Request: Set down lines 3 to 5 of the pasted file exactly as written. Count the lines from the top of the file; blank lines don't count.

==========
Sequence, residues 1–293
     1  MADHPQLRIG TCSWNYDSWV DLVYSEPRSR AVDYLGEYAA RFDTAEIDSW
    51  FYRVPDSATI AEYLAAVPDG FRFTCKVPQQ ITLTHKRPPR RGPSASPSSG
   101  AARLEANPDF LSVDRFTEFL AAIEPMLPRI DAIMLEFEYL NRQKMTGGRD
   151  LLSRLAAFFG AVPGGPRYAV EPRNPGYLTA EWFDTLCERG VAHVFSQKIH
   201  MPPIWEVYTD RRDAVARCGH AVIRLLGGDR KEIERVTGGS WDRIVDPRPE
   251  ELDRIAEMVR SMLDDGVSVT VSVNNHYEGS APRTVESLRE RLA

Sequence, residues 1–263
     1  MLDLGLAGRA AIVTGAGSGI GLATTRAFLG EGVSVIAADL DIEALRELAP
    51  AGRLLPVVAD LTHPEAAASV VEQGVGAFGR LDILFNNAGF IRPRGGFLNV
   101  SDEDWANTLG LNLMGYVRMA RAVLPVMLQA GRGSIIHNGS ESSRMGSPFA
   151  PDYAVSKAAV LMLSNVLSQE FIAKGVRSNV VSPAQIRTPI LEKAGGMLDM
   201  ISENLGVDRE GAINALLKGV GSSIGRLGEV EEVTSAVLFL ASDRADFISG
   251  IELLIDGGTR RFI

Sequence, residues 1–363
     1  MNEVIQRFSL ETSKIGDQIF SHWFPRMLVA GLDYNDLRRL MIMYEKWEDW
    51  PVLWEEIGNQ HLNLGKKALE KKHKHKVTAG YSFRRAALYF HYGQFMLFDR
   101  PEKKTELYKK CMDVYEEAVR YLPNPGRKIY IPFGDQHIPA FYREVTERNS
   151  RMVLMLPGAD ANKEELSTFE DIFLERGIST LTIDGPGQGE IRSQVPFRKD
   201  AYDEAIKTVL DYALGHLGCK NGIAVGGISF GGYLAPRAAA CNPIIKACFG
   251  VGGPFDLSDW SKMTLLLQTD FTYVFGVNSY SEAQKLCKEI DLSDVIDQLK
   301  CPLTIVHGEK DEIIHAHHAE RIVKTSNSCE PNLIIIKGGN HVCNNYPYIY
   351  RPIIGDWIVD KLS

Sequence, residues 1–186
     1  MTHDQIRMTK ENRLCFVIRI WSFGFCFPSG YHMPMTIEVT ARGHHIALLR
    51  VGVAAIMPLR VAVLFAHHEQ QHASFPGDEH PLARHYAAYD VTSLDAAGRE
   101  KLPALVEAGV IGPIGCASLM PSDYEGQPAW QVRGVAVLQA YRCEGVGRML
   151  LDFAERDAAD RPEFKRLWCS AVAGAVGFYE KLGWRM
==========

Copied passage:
    51  FYRVPDSATI AEYLAAVPDG FRFTCKVPQQ ITLTHKRPPR RGPSASPSSG
   101  AARLEANPDF LSVDRFTEFL AAIEPMLPRI DAIMLEFEYL NRQKMTGGRD
   151  LLSRLAAFFG AVPGGPRYAV EPRNPGYLTA EWFDTLCERG VAHVFSQKIH